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Best Practices

The LTO Best Practices

Issue No. 45: How Students Learn

Welcome to the forty-fifth issue of The LTO Best Practices. Each month, the Learning & Teaching Office will be spotlighting a timely topic in education. This March, our topic is "How Students Learn."

Check out our page of Teaching Tips handouts for more downloadable documents on a variety of teaching topics.

Best Practices

Miami University Teachers' College free-hand drawing class 1915In their article for Change Magazine, Halpern and Hakel review how research on human learning can help improve our pedagogy [pdf]. They define the underlying goal for any kind of formal instruction as “the assumption that knowledge, skills, and attitudes learned in this setting will be recalled accurately, and will be used in some other context at some time in the future” (2003). They lay out some basic principles for enhancing long-term retention and transfer of learning:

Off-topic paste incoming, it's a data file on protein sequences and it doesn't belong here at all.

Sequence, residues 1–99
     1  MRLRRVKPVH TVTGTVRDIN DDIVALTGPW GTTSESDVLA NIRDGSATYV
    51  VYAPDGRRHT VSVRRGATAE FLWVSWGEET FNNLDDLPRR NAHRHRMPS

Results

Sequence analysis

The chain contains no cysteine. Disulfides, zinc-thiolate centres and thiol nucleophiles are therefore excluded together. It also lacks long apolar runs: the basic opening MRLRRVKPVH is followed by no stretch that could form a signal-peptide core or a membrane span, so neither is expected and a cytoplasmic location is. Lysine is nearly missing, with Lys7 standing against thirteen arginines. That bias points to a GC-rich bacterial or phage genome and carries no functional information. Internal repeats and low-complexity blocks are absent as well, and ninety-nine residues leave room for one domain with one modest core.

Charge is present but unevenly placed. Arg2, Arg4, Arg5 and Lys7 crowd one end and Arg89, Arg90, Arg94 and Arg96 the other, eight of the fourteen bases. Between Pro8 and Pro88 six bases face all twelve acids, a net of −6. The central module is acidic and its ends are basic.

1. The single most important variable in promoting long-term retention and transfer is ‘practice at retrieval.’” The important point here is that “information that is frequently retrieved becomes more retrievable.” Retrieving information that was learned earlier to produce responses to new questions, or in different contexts, is key to promoting retention. Spacing these instances of retrieval so that the time between them becomes gradually longer, rather than grouping them all together, also improves retention. As an example of how practice at retrieval in different contexts and content domains can be worked into a course, Halpern and Hakel suggest having students teach “concepts and skills to other students,” or respond to “frequent questions asked in class or posed online.”